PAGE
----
Lola me pide que [yo] esté tranquilo / Lola asks me to be calm.
Imagino que es mejor que no [yo] esté preocupado / I imagine it's better for me not to beworried.
Note that it's very common to use the pronoun que (that) before the subjunctive. In fact, some Spanish speakers learn to conjugate the subjunctive altogether with this pronoun, like: que yo sea, que tú seas, etc. or que yo esté, que tú estés, etc. to differentiate it from the indicative.
The forms sea and esté are also used for the third person singular, which is very convenient since you can use it to talk about wishes or hypothetical situations pertaining to other people, things, and ideas. For example:
Entonces, para que sea una sorpresa también.
So, for it to be a surprise also.
Caption 12, 75 minutos - Gangas para ricos - Part 10Play Caption
Quiero comprar un barco que sea capaz de... de hacer travesías largas.
I want to buy a boat that is capable of... of making long voyages.
Captions 72-73, 75 minutos - Gangas para ricos - Part 20Play Caption
Y que ya no sea Belanova el grupo de bajo, computadora y voz.
So that Belanova won't be the group of the bass, computer and voice any longer.
Caption 13, Belanova - Entrevista - Part 4Play Caption
And with esté:
Ya la llamaremos cuando la doctora esté disponible.
We'll call you when the doctor is available.
Caption 42, Cita médica - La cita médica de Cleer - Part 1Play Caption
Son tres modos que se usan para pedirle a alguien que esté alerta.
There are three ways that are used to ask someone to be alert.Play Caption
Para que la aceituna esté en condiciones para envasar el lunes.
So that the olives are in condition for packing on Monday.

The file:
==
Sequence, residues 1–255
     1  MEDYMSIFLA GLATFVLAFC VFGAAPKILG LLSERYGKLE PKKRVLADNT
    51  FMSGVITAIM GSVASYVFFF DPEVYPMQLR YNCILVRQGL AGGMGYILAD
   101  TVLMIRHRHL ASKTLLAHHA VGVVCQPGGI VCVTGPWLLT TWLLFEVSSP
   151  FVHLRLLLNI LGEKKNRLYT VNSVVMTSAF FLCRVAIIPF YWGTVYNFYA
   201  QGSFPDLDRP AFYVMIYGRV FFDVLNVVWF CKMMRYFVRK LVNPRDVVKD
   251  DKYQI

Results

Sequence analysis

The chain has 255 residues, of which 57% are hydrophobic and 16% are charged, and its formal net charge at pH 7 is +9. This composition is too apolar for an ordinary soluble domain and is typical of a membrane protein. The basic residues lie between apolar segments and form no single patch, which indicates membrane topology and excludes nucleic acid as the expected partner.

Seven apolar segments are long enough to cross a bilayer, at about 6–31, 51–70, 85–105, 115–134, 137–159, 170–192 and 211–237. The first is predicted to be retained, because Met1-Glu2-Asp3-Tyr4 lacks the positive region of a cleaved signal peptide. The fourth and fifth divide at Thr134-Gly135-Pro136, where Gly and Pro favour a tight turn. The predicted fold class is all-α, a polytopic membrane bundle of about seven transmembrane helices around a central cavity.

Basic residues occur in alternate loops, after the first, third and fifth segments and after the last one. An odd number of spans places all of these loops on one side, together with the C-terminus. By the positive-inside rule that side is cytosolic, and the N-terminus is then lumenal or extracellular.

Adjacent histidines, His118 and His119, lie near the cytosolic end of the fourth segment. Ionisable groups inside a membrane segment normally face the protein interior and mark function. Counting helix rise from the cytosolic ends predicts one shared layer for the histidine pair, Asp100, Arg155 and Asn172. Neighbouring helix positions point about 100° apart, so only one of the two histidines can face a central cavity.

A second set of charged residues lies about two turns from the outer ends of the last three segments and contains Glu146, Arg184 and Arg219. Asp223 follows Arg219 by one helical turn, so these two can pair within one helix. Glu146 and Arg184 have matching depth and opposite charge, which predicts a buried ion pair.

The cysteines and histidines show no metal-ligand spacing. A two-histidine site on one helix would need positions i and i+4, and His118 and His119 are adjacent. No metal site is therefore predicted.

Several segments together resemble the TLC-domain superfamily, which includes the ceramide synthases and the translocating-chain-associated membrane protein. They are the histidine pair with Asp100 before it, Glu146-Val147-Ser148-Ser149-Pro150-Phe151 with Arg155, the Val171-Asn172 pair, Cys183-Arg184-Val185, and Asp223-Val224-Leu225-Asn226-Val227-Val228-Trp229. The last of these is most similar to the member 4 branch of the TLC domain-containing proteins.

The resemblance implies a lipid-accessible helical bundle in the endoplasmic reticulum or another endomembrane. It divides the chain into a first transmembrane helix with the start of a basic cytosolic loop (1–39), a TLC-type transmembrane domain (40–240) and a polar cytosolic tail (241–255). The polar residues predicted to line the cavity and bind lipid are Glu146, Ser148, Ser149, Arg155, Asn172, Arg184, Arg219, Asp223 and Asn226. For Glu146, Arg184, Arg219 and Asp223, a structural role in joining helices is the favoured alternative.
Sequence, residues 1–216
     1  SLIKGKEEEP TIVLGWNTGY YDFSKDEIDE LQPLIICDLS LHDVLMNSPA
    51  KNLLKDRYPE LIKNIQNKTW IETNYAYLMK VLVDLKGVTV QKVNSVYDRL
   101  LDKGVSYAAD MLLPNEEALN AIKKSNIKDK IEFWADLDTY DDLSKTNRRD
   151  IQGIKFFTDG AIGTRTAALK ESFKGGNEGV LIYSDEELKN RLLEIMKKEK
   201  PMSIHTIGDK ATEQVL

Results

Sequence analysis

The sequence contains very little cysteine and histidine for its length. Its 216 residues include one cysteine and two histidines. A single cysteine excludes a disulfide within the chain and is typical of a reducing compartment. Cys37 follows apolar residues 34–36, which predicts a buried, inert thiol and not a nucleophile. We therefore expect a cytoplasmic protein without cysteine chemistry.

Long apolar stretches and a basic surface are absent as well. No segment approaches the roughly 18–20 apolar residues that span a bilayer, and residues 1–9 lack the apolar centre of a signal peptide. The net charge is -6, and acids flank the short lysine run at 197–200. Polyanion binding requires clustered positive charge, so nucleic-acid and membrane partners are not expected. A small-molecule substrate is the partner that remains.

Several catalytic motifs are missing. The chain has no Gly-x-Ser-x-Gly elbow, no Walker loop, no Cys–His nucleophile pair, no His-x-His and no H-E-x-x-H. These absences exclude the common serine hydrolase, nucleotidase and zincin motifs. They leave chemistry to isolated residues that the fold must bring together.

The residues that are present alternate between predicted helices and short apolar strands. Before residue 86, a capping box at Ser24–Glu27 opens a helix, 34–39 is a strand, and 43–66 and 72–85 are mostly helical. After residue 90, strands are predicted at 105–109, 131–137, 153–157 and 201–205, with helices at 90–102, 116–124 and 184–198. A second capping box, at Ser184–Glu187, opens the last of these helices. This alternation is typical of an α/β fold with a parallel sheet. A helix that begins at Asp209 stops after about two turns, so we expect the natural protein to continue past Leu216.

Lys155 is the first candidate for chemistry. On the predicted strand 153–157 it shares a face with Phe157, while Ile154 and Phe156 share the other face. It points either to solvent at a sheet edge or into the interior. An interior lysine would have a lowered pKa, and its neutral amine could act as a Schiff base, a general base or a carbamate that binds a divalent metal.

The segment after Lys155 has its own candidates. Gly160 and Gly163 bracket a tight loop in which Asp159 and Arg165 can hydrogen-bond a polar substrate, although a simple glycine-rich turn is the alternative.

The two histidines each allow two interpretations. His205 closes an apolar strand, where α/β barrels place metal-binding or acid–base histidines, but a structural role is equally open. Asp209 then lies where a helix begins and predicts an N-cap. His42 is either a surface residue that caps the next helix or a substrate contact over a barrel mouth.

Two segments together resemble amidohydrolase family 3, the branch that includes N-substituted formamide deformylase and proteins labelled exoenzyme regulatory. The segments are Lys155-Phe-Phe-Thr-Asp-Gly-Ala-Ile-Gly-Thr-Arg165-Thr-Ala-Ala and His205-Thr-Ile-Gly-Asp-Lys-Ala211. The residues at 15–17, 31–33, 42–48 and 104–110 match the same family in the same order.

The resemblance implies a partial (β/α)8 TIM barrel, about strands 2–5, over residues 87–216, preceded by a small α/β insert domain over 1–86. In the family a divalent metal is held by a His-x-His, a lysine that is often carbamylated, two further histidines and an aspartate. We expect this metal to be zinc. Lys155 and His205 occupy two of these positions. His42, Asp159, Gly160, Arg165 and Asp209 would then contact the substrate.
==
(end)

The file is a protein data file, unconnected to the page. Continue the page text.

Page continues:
Caption 35, 75 minutos - Del campo a la mesa - Part 19Play Caption
Finally, there's a very common and useful expression that uses sea: o sea, which is used to clarify or explain something. This expression translates as "in other words," "meaning," and other similar phrases.
O sea, que te vas a quedar sin marido durante tres meses.
In other words, you are going to be without a husband for three months.
Caption 27, 75 minutos - Del campo a la mesa - Part 3Play Caption
The present subjunctive of the verb ser is the same in the first- and third-person singular: sea. This little word is used profusely in Spanish for the most varied purposes. Let's explore and learn a few.
The first person yo (I) uses sea. You can use it to express other people's wishes or expectations placed on you:
Quieres que [yo] sea cuidadosa
You want me to be cautious
or to deny hypothetic situations or conditions:
No es que yo sea mala...
It's not that I'm bad...
The third person (he, she, it) also uses sea. Here are examples using sea to talk about people (he, she). The tricky part is that Spanish usually gets rid of the pronouns él or ella, so you will only hear or see the verb sea.
No importa que sea morena, blanca, rubia o canela
It doesn't matter if she is dark-skinned, white, blonde or brown
Caption 52, Alberto Barros - Mano a mano - Part 1
¿Cómo me voy a andar fijando en él por más simpático, alto, caballero y bello que sea?
How am I going to go around thinking about him no matter how nice, tall, gentlemanly and handsome he might be?
Caption 75, NPS No puede ser - 1 - El concurso - Part 11
It's the same when you use sea to, for example, talk about a poisonous mushroom:
Por tocarlo no pasa nada. Aunque sea mortal.